Discover Studying Abroad

Book Review: A Human's Guide to Machine Intelligence

Kartik Hosanagar's big picture thinking on new technology contains some profound analysis of the hidden dangers in algorithmic decision-making.
BY BrainGain Magazine Staff Writer |   29-04-2019

A Human’s Guide to Machine Intelligence: How Algorithms Are Shaping Our Lives and How We Can Stay in Control, by Kartik Hosanagar, published by Viking.

Wharton School Professor Kartik Hosanagar
Wharton School Professor Kartik Hosanagar is the author of
A Human’s Guide to Machine Intelligence

Every now and then, 87 million Spotify users receive a great new daily mixtape: 50 songs that feel like a gift from a music-loving friend, totally in synch with their musical proclivities. But these thoughtfully curated playlists, from Spotify, are cooked up by an algorithm.

Wharton School Professor Kartik Hosanagar’s timely new book A Human’s Guide to Machine Intelligence explores how algorithms and the artificial intelligence that underlies them have seeped into our lives. They have crept into areas of decision-making that were once the sole preserve of humans.

Since it’s so hard to spot, you might not even have noticed how much of your life is now influenced by algorithms which make everyday decisions for us, from what products we buy, to where we decide to eat, to how we consume our news.

Having a machine tell you how long your commute will be, what music you should listen to, are all relatively harmless examples. But while you’re scrolling through your Facebook newsfeed, an algorithm somewhere is providing doctors with AI-based diagnostic guidance, helping recruiters shortlist job applicants, deciding university admissions, dispensing criminal justice and upending old ways of decision making.

“Chatbots like Siri and Alexa could ultimately be gateways through which we access information and transact online,” writes Hosanagar, who is the John C Hower Professor of Technology and Digital Business at Wharton, at the University of Pennsylvania.

“Companies are hoping to use chatbots to replace a large number of their customer service staff, employing them, for example as shopping assistants — gathering information about our taste in clothes, evaluating it, and making purchase decisions on our behalf,” he writes.

Hosanagar succeeds in making the case that we need to arm ourselves with a “better, deeper, more nuanced” understanding of the phenomenon of algorithmic thinking. To flag the lurking dangers, the author highlights how it took less than 24 hours for Twitter to corrupt an AI chatbot.

Wharton School Professor Kartik Hosanagar

The book delves into how Microsoft famously unveiled Tay — a Twitter bot that the company described as an experiment in "conversational understanding." The more you chat with Tay, said Microsoft, the smarter it gets, learning to engage people through "casual and playful conversation."

Sadly, the conversations didn't stay playful for long. Soon after Tay launched, people starting tweeting the bot with all sorts of crazy misogynistic and racist remarks. Tay — being essentially a robot parrot with an internet connection — started repeating these sentiments back to users.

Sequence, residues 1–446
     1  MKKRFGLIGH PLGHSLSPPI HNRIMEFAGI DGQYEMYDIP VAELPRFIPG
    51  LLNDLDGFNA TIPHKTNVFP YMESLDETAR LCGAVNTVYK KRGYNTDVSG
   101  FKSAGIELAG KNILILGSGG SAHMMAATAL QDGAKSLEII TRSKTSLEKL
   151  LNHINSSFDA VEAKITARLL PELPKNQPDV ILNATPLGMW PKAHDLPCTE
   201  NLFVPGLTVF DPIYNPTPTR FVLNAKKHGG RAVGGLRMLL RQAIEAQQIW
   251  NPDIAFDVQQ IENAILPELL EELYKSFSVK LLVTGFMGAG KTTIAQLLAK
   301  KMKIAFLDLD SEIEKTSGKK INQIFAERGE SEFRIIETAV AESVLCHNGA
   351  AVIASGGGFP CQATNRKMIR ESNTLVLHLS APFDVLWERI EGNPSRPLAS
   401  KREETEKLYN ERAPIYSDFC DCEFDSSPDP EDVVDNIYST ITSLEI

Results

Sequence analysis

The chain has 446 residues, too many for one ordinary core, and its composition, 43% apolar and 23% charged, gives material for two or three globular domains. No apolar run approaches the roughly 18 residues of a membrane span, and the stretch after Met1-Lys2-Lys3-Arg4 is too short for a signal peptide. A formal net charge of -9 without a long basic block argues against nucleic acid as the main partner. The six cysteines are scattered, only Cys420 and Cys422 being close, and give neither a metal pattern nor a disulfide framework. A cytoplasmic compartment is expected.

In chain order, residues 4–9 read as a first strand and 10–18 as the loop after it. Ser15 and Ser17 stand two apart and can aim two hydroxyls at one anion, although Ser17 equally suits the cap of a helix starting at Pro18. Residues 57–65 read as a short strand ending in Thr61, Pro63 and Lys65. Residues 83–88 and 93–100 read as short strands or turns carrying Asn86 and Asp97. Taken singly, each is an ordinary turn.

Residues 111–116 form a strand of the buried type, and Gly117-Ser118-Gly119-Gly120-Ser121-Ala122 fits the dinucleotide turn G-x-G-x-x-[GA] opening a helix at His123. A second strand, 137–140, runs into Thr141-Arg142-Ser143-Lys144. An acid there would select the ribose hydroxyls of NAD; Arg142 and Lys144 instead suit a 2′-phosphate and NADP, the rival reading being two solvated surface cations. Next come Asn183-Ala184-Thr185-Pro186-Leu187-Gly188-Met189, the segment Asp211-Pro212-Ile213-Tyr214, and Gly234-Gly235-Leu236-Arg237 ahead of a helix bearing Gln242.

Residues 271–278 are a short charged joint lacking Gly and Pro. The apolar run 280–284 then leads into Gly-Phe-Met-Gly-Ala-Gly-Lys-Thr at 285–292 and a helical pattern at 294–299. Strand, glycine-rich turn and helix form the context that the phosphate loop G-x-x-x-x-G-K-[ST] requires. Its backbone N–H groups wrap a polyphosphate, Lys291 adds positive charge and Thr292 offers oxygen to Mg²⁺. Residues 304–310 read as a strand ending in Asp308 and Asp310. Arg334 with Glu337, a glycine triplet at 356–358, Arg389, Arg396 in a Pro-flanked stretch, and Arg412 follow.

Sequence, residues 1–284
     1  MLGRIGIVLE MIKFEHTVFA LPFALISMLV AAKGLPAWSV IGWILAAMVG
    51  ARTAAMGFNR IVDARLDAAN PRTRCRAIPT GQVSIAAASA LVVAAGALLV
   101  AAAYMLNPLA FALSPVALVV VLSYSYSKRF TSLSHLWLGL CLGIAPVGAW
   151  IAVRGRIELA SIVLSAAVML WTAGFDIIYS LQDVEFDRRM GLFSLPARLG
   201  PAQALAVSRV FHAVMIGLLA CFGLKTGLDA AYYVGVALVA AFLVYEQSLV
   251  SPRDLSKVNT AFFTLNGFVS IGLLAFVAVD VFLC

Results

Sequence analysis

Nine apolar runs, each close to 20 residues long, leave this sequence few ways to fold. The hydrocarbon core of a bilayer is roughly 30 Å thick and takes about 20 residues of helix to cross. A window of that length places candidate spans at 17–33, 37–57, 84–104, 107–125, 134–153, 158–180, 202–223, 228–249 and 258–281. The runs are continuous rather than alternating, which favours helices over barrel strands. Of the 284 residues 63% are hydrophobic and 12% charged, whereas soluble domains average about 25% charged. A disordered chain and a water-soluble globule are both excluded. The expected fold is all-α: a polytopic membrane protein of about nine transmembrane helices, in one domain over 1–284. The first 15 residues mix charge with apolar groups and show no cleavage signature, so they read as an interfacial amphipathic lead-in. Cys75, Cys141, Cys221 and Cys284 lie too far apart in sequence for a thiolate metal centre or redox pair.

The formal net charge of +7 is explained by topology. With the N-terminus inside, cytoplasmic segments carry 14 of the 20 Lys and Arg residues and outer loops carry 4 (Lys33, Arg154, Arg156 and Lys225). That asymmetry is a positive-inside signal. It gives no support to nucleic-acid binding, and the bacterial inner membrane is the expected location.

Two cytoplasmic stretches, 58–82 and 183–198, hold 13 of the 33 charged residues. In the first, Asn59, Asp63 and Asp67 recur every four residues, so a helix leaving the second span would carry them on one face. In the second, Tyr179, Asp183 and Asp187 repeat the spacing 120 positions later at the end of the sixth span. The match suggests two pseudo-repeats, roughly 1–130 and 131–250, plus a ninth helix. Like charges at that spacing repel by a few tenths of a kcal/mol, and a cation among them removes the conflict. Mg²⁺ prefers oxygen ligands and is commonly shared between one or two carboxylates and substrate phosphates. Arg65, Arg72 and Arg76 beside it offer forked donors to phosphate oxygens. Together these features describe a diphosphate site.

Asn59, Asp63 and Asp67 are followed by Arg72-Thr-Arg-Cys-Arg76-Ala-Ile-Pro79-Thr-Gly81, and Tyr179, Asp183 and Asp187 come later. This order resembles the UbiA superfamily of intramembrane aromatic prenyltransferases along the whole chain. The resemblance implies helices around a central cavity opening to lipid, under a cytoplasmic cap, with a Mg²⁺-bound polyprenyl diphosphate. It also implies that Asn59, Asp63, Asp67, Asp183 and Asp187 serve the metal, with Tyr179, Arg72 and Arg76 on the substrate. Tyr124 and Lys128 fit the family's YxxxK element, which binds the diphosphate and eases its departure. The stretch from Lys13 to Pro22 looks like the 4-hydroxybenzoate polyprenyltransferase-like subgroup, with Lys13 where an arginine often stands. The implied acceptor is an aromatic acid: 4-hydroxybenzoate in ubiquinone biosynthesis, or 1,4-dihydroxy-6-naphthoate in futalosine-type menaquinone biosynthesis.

The author says Microsoft didn’t anticipate that Tay would develop so “aggressive a personality” with such alarming speed.

“The algorithim that controlled the bot did something that no one who programmed it expected it to do: it took on a life of its own,” writes Hosanagar.

Ultimately, Microsoft shut down the project’s website and MIT included Tay in its annual Worst in Tech rankings.

Hosanagar’s big picture thinking on algorithms contains some profound analysis of the new technology we have built, which has now unwittingly come to constrain us. He channels powerful examples to show readers how we’ve even delegated life-and-death decisions to algorithms — decisions once made by doctors, pilots, and judges.

Algorithms, for all their promise, can also lead to biased outcomes. Researchers have long been concerned about algorithmic fairness. For instance, Amazon’s AI-based recruiting engine turned out to dismiss female candidates for software developer jobs and other technical posts. That is because Amazon’s computer models were trained to vet applicants by observing patterns in resumes submitted to the company over a 10-year period. Most came from men, a reflection of male dominance across the tech industry.

The book argues that the possibility of discrimination is complicated by algorithms’ mathematical complexity: the computation that turns input into output can be difficult to trace, which has led to the characterization of algorithms as inscrutable “black boxes.”

But with the right regulations in place, algorithms could be more transparent than human cognition, the author argues. And the transparency could make it easier to detect and prevent discrimination. The author proposes effectively a “bill of rights” that limits algorithims’ powers and how users can hold them accountable. It clarifies the level of transparency, “explainability,” and control we should expect from the algorithms we use. The book includes Hosanagar’s bold Algorithmic Bill of Rights, which would give enterprises a framework to help them guide their AI projects in ethically responsible ways.

This gem of a book is a must-read for anyone wanting to grapple with how artificial intelligence is bringing sweeping new possibilities, while also raising seminal questions.



Can't Read  
Enter Above Code:


Sign Up for our newsletter

Sign Up for latest updates and Newsletter